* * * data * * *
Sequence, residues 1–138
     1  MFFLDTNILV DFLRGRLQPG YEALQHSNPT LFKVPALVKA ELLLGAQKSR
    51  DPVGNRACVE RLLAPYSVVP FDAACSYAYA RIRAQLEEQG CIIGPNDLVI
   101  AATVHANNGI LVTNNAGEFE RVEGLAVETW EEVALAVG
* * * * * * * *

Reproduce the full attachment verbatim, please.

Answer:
Sequence, residues 1–138
     1  MFFLDTNILV DFLRGRLQPG YEALQHSNPT LFKVPALVKA ELLLGAQKSR
    51  DPVGNRACVE RLLAPYSVVP FDAACSYAYA RIRAQLEEQG CIIGPNDLVI
   101  AATVHANNGI LVTNNAGEFE RVEGLAVETW EEVALAVG